The next time you find yourself in need of a deeply unsettling experience, I suggest that you click here, and then scroll through some of the things that Dylan Curran found out about himself, as stored up by some of our brainier brethren. All the same stuff has no doubt been stored up about you. And although the experience of considering such things is deeply unsettling, handled the right way it can become deeply edifying as well. But for the edifying part, you will have to read all the way through.
Privacy or Anonymity?
We live increasingly in a surveillance state. Cameras are everywhere—pointing at intersections and pointing at 7-11 counters. Some of it is reasonable security, some of it is officious meddling, some of it is counterproductive, and some of it is creepy. What I would like to do here is separate the creepy from the rest, and then make a suggestion as to what we might be able to do about it.
No one faults a small business owner for having security cameras. Entirely reasonable. But the practice of handing out traffic tickets on the basis of intersection cameras has to be reckoned as counterproductive. Notice that traffic tickets have ceased being a way of keeping the public safe and have instead become a cash cow for the budget of the department in question. We have managed to incentivize things the wrong way—instead of officials hoping for no lawbreaking at that intersection, it would now be good for their bottom line if there were an increase of lawbreaking at that intersection. Perverse incentives.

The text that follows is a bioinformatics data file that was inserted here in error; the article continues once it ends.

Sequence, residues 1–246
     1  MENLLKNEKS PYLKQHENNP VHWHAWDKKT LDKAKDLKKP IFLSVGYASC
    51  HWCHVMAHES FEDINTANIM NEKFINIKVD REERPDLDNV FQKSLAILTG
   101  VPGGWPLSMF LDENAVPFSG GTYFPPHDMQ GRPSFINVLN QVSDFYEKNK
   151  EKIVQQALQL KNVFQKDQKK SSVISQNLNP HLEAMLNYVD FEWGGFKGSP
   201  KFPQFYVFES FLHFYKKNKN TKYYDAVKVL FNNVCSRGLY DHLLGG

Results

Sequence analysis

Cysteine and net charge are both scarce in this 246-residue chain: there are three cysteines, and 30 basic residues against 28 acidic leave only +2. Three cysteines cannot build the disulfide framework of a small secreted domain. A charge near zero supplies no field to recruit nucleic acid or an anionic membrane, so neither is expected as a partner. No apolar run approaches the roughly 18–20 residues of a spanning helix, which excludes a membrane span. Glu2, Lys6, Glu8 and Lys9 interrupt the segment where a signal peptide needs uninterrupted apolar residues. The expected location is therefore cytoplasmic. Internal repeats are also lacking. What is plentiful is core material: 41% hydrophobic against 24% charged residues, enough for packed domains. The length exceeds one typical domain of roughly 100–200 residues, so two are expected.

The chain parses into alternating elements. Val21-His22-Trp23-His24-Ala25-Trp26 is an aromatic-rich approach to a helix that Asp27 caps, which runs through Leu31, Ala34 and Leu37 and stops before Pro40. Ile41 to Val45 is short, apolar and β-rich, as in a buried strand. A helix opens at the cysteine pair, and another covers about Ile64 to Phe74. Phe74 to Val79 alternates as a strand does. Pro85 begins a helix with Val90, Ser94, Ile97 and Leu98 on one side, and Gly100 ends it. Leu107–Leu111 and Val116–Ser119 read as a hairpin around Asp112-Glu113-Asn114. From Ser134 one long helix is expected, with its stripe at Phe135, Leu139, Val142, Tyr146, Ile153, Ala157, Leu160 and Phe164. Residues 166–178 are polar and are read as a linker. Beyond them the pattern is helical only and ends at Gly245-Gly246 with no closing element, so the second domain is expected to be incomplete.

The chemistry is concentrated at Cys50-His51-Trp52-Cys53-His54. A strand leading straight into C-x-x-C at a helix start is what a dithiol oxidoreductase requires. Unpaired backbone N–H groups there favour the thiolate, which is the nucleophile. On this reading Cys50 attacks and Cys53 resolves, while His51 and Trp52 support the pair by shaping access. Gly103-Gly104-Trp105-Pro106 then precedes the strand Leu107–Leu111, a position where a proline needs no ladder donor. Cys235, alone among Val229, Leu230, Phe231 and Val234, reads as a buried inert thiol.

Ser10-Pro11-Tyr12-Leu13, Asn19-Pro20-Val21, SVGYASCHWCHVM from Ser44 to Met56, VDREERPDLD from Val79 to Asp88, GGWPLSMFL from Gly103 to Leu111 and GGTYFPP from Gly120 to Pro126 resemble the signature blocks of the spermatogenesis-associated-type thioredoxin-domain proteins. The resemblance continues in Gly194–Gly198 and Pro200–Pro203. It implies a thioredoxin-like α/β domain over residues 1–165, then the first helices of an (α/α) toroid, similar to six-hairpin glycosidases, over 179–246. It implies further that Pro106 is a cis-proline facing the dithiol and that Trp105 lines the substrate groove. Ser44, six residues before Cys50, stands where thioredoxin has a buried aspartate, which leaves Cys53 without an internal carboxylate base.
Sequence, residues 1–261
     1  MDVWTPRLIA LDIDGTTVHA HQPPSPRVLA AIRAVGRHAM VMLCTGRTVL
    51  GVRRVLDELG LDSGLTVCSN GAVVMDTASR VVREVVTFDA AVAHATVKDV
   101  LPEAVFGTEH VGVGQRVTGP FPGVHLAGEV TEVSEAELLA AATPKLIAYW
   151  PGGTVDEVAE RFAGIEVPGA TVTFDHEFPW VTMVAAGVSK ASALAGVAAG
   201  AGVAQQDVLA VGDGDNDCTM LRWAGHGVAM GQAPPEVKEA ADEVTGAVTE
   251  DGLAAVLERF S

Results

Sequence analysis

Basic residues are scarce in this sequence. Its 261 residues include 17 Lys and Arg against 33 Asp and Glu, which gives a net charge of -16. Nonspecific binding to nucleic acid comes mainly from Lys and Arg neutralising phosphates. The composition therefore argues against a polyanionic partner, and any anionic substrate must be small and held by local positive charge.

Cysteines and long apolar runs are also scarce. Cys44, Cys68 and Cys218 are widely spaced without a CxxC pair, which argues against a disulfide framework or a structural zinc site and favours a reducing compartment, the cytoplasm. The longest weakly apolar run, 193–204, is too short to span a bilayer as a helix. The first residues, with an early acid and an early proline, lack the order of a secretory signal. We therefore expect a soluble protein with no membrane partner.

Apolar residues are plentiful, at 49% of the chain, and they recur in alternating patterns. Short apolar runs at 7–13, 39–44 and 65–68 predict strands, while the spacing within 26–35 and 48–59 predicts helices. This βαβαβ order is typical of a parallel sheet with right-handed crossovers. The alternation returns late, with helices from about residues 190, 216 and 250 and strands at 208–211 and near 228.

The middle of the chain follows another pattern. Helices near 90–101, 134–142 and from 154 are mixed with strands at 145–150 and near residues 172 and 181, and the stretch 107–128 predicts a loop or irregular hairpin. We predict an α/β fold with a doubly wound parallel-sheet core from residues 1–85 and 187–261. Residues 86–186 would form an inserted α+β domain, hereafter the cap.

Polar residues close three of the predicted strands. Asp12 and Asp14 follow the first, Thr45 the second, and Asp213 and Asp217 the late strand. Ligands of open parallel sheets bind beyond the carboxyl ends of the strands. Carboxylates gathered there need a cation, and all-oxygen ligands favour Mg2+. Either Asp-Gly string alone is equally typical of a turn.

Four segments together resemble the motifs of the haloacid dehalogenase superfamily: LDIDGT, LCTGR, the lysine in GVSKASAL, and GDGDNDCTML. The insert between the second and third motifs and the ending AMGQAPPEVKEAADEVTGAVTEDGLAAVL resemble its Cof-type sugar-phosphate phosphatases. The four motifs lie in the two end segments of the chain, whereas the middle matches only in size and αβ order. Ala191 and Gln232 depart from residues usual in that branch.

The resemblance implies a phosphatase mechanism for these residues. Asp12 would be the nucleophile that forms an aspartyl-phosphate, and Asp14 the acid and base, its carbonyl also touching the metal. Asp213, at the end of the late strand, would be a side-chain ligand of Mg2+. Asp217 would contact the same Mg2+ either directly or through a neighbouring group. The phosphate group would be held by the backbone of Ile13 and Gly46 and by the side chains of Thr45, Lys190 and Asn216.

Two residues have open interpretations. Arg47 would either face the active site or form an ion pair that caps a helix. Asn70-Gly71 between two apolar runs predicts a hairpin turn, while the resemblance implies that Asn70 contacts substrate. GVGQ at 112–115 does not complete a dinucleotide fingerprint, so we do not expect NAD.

The creepy is something we know instinctively, but even here we haven’t sorted through the issues carefully. We think we are prizing our privacy, but what we are actually doing is striving for anonymity. Privacy requires a public face, while anonymity requires far more than any sinner should ever think to require.
A man who walks down Main Street is entitled to his privacy, but the fact remains that everybody can see him. His privacy is a public fact, and we may leave him to his own affairs. But when we do so, we still know his name.
A man who travels all over the country with his location services turned on the whole time should not be surprised if some flunky over at Big Data can reconstruct his whole trip for him. He should have known, in other words—from the basic facts of the case—that he was walking down Main Street. But a man has every right to be surprised (and dismayed) to find that his camera and microphone were active the whole time, recording way more than he expected.
Issues of Competence
We are not just dealing with a (plausible to us) attempt at omniscience, we are also dealing with finitude (tiny omniscience) and sinfulness (dirty omniscience). On top of that, we are also dealing with arrogance (the-kind-that-goeth-before-the-fall omniscience).
Here is something C.S. Lewis said about human knowledge in his discussion of historicism.
“It is not a question of failing to know everything: it is a question (at least as regards quantity) of knowing next to nothing. Each of us finds that in his own life every moment of time is completely filled. He is bombarded every second by sensations, emotions, thoughts, which he cannot attend to for multitude, and nine tenths of which he must simply ignore. A single second of lived time contains more than can be recorded. And every second of past time has been like that for every man that ever lived” (C.S. Lewis, Essay Collection, “Historicism,” p. 627).
The accumulation of massive amounts of data on you is an optical illusion. When someone on the other side of the country can tell you how many steps you took in a day, and what side of the street those steps were on, this creates an artificial resemblance to the kind of knowledge that God has. But this resemblance is illusory, a sham, a lie.
God knows it all. His knowledge is immediate. He knows the context perfectly. He is holy and without sin. He is a loving Father.